These are tumultuous times in America. We're at war against terrorism and in Iraq. The nation is deeply divided over those issues and the coming presidential election.
Many people wonder whether they can believe what they're being told by their government. Who can blame citizens who are deeply worried about this country's ability to work its way through these crises?
To those who are so worried, let me remind you of another time, just 30 years ago when the United States faced a constitutional crisis of the first order and not only survived, but emerged with a renewed self confidence and a renewed appreciation for the rule of law upheld by good men and women willing to do the right thing in difficult circumstances.
August ’74 – crisis comes to a head
In the opening days of August, 1974, the Watergate crisis was coming to a head. Articles of impeachment against President Nixon had been approved by even Republican members of the House.
Nixon and what was left of his White House palace guard were desperately trying to find a way outof facing a Senate trial, but their options were running out.
Then, the fateful blow: the U.S. Supreme Court ruled unanimously that the Oval Office secret recordings that related to Watergate were not protected by executive privilege. They would have to be made public.
When they were, Nixon's defense that he was unaware of the actions of his aides was shattered.
He could be heard on the tapes instructing H.R. "Bob" Haldeman, then his chief of staff, to instruct the CIA to intervene in the FBI investigation of the Watergate burglary as a matter of national security. It was a blatant and outrageous abuse of power and the public could no longer be manipulated.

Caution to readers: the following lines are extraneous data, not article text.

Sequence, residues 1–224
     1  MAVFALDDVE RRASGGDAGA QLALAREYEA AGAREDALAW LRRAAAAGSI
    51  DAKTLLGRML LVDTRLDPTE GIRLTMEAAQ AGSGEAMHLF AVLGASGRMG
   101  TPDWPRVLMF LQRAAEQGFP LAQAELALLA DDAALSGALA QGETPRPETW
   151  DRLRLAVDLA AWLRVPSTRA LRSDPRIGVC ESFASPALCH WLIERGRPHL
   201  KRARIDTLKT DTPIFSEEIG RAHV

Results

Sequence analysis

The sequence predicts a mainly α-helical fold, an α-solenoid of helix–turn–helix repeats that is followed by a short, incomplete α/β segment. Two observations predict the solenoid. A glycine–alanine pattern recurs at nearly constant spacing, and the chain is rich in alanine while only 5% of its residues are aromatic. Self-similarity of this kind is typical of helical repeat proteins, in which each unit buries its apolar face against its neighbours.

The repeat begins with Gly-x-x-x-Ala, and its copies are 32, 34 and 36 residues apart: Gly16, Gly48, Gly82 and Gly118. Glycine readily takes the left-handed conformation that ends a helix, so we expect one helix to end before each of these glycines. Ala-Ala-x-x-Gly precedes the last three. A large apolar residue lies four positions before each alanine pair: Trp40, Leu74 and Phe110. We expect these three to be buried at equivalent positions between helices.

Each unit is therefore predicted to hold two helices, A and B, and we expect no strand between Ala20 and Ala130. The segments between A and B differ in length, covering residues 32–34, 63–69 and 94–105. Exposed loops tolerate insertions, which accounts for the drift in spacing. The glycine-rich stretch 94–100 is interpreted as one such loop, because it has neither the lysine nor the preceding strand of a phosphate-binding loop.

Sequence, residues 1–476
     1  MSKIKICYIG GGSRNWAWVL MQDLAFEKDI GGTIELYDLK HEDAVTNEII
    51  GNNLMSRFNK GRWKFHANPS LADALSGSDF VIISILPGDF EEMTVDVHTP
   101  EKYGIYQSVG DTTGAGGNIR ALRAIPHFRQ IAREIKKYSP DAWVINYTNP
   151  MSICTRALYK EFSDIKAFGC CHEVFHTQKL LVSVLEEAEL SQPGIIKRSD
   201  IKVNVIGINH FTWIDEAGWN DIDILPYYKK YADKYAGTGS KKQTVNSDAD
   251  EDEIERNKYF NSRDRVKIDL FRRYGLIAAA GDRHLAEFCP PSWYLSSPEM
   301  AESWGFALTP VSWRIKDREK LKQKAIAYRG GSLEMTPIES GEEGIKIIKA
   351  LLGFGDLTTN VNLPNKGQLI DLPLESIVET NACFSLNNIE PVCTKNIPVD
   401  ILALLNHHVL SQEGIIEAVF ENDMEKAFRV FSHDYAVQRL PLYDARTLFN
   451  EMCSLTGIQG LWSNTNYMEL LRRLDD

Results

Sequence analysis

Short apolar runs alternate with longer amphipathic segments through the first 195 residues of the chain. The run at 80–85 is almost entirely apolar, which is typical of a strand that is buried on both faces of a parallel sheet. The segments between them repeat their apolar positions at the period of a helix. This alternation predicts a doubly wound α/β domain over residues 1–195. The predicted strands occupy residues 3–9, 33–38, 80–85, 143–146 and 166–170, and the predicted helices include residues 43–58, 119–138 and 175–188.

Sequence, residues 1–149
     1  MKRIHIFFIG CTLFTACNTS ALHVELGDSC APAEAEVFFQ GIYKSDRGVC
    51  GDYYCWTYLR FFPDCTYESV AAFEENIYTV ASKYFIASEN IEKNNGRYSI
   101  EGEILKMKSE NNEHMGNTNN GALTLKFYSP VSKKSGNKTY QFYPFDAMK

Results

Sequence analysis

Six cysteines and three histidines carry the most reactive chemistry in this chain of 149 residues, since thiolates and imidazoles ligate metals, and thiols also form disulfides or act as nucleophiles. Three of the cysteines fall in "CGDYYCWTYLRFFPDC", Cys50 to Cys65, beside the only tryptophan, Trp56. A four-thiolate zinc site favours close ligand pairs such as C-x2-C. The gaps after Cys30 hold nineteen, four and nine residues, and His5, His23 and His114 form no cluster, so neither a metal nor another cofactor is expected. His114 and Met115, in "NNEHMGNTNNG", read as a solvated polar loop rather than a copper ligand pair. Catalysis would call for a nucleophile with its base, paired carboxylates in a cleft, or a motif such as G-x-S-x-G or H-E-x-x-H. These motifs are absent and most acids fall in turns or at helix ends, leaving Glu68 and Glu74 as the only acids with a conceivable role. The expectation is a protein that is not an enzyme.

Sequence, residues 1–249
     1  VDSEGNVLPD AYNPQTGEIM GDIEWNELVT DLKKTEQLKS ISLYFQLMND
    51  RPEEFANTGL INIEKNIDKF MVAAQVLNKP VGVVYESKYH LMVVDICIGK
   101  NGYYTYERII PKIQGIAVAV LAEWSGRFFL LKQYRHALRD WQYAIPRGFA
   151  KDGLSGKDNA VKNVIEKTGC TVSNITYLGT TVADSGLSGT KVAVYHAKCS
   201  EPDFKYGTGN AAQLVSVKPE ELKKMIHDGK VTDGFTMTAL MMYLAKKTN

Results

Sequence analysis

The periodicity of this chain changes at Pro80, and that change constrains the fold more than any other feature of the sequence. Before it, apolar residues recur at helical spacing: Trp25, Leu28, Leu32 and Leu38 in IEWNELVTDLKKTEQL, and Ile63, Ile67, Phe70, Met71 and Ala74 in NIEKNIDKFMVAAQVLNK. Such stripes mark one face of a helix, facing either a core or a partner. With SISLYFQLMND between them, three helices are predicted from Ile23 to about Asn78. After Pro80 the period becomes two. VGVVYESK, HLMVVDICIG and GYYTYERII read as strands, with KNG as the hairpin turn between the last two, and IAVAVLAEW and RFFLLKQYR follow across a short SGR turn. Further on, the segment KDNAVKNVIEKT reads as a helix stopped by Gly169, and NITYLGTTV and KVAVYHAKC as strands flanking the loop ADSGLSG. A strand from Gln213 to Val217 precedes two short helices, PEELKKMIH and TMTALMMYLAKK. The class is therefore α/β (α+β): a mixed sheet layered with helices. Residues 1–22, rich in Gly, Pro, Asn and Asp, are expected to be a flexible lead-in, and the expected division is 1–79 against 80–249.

I was the White House correspondent for NBC News at the time and I well remember the tense, funereal mood in the White House. The end was near. Staffers spoke in hushed tones. Even the press corps was unusually well behaved.
The end nears
On Aug. 7, I received a call from a prominent Republican senator saying that he and a few others in the GOP leadership were letting the president know he had no recourse but to resign.
On Aug. 8, we were told in the press room that the president would be meeting with Vice President Gerald Ford around noon and planned to address the nation that night.
Crowds were beginning to gather in Lafayette Park across from the White House and there were rumors Nixon would go on television to announce he was staying.
One Democratic senator even called me to say he'd heard Nixon had ordered tanks to circle the White House.
Instead, Nixon went on television that night and announced he would resign the presidency at noon the next day, adding, "I hope I have hastened the start of the process of healing which is so desperately needed in America."
Rule of law endures
The following day in the East Room of the White House I stood at the back of the room as Nixon, surrounded by his family, said a teary, meandering farewell to his staff. By then his loyal aides were exhausted and ready to move on.
As Nixon and his wife Patricia were accompanied by Gerald and Betty Ford to the helicopter for the beginning of the flight to exile in California, one of the former president's most trusted aides said to me, "Time to go fishing."
I hope he did.
The rest of America resumed its life and business under a new president. The republic proved again its resilience and its greatest strength. It is a nation of laws and a nation of people who put their faith in them. Politicians come and go but the rule of law endures.
Tom Brokaw is the Anchor and Managing Editor of NBC News' Nightly News. He was the NBC White House Correspondent during the Watergate crisis.